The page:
FireHouse 101
Regional Overview
San Diego Spotlight

What is CAL FIRE?

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CAL FIRE at the Chihuahua fire
Photo courtesy of K.E. Pack.

May 2014 San Diego Wildfires.
2014 Napa Earthquake.


If there is a disaster in California, CAL FIRE will be there.

Founded in 1905, CAL FIRE’S mission is to serve and protect the people, propert

y and resources of California, with their primary responsibility being wildland fires on state lands or in unincorporated areas.

However, as a State entity, CAL FIRE and fire agencies across the state have agreements to provide extensive emergency assistance at a moment’s notice. This assistance can come in the shape of additional

firefighters, equipment, and resource management needed to mitigate an emergency.

What is an Incident Management Team (IMT)?
CAL FIRE Incident Management Teams work under the direction of the agency having jurisdiction for the incident. The IMTs manage large complex incidents that extend into multiple operational periods. CAL FIRE IMTs respond to large complex wildland fires; as well as major hazardous materials incidents, flood fighting operations, earthquakes and other incidents or activities requiring a leadership and management organizational structure.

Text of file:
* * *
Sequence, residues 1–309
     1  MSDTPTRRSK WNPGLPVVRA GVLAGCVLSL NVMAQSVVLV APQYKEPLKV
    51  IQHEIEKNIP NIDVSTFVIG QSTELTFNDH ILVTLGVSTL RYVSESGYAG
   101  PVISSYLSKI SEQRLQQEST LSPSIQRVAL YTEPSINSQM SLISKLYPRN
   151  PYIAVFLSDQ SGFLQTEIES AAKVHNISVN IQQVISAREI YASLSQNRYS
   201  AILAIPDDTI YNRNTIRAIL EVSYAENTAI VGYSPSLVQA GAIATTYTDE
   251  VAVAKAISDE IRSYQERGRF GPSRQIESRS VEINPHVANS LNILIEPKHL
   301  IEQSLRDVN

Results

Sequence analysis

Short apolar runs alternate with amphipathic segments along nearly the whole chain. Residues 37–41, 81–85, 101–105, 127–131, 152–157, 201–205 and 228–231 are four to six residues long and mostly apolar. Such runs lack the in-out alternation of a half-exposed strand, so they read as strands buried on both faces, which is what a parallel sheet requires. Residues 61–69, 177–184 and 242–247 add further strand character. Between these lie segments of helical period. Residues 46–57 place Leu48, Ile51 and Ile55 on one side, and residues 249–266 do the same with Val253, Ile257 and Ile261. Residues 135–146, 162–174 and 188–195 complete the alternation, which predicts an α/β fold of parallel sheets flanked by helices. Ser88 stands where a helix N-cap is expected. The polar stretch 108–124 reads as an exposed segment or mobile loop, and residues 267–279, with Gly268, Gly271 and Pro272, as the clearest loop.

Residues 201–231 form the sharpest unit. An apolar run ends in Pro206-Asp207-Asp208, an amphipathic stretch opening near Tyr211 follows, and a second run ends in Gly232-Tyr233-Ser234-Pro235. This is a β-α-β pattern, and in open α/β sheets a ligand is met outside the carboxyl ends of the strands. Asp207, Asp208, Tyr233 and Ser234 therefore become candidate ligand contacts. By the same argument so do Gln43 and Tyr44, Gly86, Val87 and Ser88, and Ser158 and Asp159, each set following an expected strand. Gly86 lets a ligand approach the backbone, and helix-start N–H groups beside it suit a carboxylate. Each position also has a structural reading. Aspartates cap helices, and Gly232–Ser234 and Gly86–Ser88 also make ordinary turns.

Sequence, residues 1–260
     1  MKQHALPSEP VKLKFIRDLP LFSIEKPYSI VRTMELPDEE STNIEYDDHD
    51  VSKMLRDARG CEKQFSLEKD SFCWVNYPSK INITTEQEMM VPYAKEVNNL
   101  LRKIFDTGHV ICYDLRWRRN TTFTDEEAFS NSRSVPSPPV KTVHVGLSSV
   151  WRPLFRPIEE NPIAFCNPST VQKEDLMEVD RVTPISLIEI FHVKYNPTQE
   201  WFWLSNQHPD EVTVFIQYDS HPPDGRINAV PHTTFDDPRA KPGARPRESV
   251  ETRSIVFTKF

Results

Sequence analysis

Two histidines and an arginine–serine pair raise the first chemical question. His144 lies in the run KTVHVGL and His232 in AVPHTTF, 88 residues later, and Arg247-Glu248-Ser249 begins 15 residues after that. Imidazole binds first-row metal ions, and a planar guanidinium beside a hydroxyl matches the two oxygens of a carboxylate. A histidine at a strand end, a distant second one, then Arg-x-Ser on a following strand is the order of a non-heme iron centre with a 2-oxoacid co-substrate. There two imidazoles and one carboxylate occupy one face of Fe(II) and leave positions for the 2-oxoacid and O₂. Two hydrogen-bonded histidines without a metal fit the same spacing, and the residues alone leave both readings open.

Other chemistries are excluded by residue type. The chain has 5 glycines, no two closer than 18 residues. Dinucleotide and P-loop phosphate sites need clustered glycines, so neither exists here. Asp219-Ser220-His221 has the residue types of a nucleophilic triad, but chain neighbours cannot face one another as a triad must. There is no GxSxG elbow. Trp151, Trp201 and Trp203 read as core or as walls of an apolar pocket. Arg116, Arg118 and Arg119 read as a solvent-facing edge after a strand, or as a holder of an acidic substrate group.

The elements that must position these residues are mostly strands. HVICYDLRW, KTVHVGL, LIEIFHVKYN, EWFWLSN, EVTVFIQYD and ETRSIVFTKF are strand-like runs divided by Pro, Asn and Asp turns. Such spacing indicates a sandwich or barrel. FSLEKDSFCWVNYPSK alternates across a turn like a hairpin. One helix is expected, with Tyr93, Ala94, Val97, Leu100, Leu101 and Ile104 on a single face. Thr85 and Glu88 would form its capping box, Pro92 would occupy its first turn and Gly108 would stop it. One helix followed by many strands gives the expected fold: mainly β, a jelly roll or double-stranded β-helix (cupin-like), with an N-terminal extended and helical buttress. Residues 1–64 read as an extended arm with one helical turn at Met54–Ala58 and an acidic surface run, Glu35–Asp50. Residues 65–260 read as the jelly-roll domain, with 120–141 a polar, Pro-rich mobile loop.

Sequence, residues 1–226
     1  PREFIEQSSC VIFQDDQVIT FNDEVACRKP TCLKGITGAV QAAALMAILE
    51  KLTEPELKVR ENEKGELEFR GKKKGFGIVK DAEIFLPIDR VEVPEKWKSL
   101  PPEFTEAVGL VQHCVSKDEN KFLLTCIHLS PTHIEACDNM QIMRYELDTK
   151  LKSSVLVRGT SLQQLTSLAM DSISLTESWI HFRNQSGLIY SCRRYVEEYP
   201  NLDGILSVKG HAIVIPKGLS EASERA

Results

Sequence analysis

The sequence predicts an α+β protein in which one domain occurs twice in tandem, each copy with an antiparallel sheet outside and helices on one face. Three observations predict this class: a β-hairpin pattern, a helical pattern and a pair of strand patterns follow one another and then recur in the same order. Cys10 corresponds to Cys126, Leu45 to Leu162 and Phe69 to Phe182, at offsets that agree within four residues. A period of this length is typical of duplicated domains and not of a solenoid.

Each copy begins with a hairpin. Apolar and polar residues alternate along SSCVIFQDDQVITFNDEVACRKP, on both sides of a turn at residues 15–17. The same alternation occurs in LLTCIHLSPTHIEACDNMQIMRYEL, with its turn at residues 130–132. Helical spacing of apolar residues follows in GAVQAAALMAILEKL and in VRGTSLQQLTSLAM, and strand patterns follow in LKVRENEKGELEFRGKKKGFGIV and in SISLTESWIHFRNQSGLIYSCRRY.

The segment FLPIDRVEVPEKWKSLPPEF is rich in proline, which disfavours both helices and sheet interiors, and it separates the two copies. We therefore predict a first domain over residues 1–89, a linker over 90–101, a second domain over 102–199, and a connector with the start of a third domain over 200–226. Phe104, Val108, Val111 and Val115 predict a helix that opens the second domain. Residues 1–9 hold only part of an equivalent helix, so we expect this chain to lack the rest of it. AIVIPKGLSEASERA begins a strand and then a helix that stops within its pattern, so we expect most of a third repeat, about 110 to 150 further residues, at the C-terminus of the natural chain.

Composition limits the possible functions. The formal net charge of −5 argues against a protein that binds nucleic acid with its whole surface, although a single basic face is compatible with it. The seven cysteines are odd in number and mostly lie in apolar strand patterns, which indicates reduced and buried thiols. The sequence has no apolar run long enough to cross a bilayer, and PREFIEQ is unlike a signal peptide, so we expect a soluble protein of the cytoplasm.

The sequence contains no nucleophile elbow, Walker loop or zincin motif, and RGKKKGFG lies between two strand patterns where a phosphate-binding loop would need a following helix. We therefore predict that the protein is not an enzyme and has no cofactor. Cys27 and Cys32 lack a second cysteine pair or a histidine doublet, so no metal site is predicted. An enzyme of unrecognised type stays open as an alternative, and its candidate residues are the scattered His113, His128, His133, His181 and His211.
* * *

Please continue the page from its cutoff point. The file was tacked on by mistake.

For example, during the May 2014 Fires, an Incident management team—specifically designed to help manage disasters—was brought into San Diego to help coordinate multiple fires throughout the County. According to CAL FIRE Battalion Chief Nick Schuler, “CAL FIRE has 6 Incident management teams that are available to re

More than fire fighting
spond to any emergency. When it was determined that the fire was beyond the initial attack capabilities of fire agencies, an Incident Management Team was requested.”

CAL FIRE responds to more than 5,600 wildland fires each year. But, like any fire department, the majority of their calls are not wildfire-related. CAL FIRE is called to more than 350,000 other statewide emergenciesannually, including:

CAL FIRE on the front lines of wildfires
Photo courtesy of K.E. Pack.

  • automobile accidents
  •  search and rescues
  • medical aids
  •  swift water rescues
  • hazardous material spills
  • vehicle/structure fires

CAL FIRE is more than a fire department protecting State land—they are the web that creates communication and collaboration between cities, counties, and State lands during crisis events.



  • 803 fire stations (228 state and 575 local government)
  • 39 conservation camps
  • 13 air attack
  • 9 helitack bases


  • 4,700 full-time fire professionals, foresters, and administrative employees
  • 3,100 seasonal firefighters
  • 5,600 local volunteer firefighters
  • 2,600 volunteers in fire prevention
  • 4,300 inmates and wards


To transport and support these forces, CAL FIRE operates over

  • 1,095 fire engines  (336 state and 759 local government)
  • 5 mobile communication centers
  • 11 mobile kitchen units
  • 215 rescue squads
  • 23 1,200-gallon air tankers
  • 63 paramedic units
  • 11 helicopters
  • 38 aerial ladder trucks
  • 13 air tactical planes
  • 58 bulldozers

Find out more about CAL FIRE on their website.